The Great Simpsina

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"The Great Simpsina"
The Simpsons episode
Episode no. 482
Directed by Chris Clements
Written by Matt Warburton
Showrunner(s) Al Jean
Production code NABF11
Original air date April 10, 2011
Guest appearance(s)
Seasons

"The Great Simpsina" is the eighteenth episode of The Simpsons' twenty-second season. It originally aired on the Fox network in the United States on April 10, 2011. It was written by Matt Warburton and directed by Chris Clements.[1] It is the second episode to have no blackboard nor couch gag added on the opening credits, with the first being "Sideshow Bob Roberts" from seventeen years earlier.[2] Following its broadcast, the episode received mixed reviews from critics.

Plot[edit]

The Simpsons go peach picking. They come back home with too many peaches, so they eat only recipes with peaches. After a while, all the family except Marge get tired of eating peaches. In an attempt to get rid of the peaches, Homer takes Marge to get a massage. Meanwhile, Bart, Lisa, and Maggie take the peaches to different locations. But, Bart no longer has his peaches when the school bullies take over. Lisa is then lost in a deserted area. A raccoon chases Lisa inside an illusionist's house. When the illusionist called "The Great Raymondo" finds her, he questions her and teaches her some magic tricks.

Lisa starts presenting magic tricks to the school, and to "The Great Raymondo". Eventually, Raymondo becomes fond of his apprentice and entrusts her with his most shielded secret, the trick of "The Great Milk Can Escape". Lisa presents this act at school and while signing autographs she meets a flattering boy who charms her into explaining the act. Shortly, it is revealed that the boy is the son of rival illusionist Cregg Demon, a parody of real illusionist Criss Angel, and merely used her to steal the secret of the Milk Can act. After Demon states that he is going to present it at his next show at an upcoming magic convention (he claims that he learned the trick after being met by the ghost of the trick's creator, Harry Houdini), a betrayed Raymondo rejects Lisa's apology and orders her to leave his home. Lisa, saddened with guilt, tries to stop doing magic; however, Homer, saddened by his daughter's melancholy, marches over to Raymondo's mansion to demand he forgive his daughter. After some thinking, Raymondo decides to offer Lisa a chance of redemption by helping him stop Demon from performing the Milk Can act. At the convention, Demon gets trapped inside the milk can and risks being drowned. Lisa tries to step in to save him, but is confronted by real-life magicians Ricky Jay, David Copperfield and Penn & Teller (in their second guest appearance on the show), who reveal they replaced the fake milk can with a real one so that Cregg Demon cannot escape, thus eliminating him as competition. After a magic battle, Raymondo saves him by making a girder fall onto the magicians, and Cregg Demon decides to quit magic. At the end, Raymondo and Lisa do their act, with Lisa wowing the audience and Raymondo attempting to get high from inhaling enough ether to see a hallucination of his late wife and former assistant Esther.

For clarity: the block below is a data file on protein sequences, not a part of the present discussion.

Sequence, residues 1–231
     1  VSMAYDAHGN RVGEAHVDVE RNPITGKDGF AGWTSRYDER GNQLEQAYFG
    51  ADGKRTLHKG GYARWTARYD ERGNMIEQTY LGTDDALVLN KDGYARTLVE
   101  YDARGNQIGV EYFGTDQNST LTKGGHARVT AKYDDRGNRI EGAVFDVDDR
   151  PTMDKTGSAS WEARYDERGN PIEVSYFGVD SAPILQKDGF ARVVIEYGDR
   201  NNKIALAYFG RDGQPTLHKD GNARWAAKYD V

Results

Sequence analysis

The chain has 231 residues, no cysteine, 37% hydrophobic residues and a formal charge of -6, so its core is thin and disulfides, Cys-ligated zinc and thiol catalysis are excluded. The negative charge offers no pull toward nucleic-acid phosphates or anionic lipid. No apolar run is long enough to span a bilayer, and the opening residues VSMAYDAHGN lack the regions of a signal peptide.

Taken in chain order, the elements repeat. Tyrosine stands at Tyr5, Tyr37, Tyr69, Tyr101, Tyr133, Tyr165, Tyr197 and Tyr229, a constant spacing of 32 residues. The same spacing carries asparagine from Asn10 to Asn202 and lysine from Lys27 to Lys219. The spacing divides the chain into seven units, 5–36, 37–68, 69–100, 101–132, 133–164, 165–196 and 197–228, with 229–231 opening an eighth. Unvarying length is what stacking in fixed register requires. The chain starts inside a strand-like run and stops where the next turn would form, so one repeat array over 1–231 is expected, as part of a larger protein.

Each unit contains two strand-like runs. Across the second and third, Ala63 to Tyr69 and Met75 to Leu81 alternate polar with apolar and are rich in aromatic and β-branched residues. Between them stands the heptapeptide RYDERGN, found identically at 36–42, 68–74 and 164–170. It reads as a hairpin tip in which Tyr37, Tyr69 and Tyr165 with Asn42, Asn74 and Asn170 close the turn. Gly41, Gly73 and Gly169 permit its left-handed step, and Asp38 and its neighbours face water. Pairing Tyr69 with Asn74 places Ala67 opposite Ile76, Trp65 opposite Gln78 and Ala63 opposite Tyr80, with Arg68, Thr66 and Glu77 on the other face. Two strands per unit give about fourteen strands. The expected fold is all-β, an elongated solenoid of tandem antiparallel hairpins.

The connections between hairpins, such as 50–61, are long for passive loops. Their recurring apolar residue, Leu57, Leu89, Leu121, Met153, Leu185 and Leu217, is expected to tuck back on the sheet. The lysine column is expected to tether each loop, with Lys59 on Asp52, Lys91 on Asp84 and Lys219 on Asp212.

Reception[edit]

Ratings[edit]

In its original American broadcast, "The Great Simpsina" was viewed by an estimated 4.996 million households[3] and received a 2.3 rating/7% share among adults between the ages of 18 and 49,[4] marking an eighteen percent drop from the previous episode. The episode was ranked as the lowest-rated of the series, until the airing of the twenty-third season episode "Ned 'n Edna's Blend" which received 1.9.[5]

Critical reception[edit]

Eric Hochberger of TV Fanatic gave the episode a rating of 3.8/5.0 stars, writing "From [the opening], The Great Simpsina because [sic] a typical Lisa episode of The Simpsons. You know you're in for a clever storyline with plenty of heart, but not so much in the humor department...Overall, the episode was entertaining and flowed nicely throughout, but just lacked the funnier moments I've become accustomed to during this strong season".[6] Rowan Kaiser of The AV Club rated The Great Simpsina a B-, the second lowest rating of the Animation Domination block after the C given to The Cleveland Show's Ship'rect. He said "Tonight's episode was an almost Platonic example of the modern Simpsons trying to recreate the glory years and not quite getting there. It has all the ingredients: a weird, irrelevant opening act, an investigation into a quirky aspect of American culture, and a single new character/guest star altering one of the Simpsons' lives temporarily...the jokes generally landed when they were made, and the ending was surprisingly sweet. It was just unfortunately non-essential".[7]

References[edit]

External links[edit]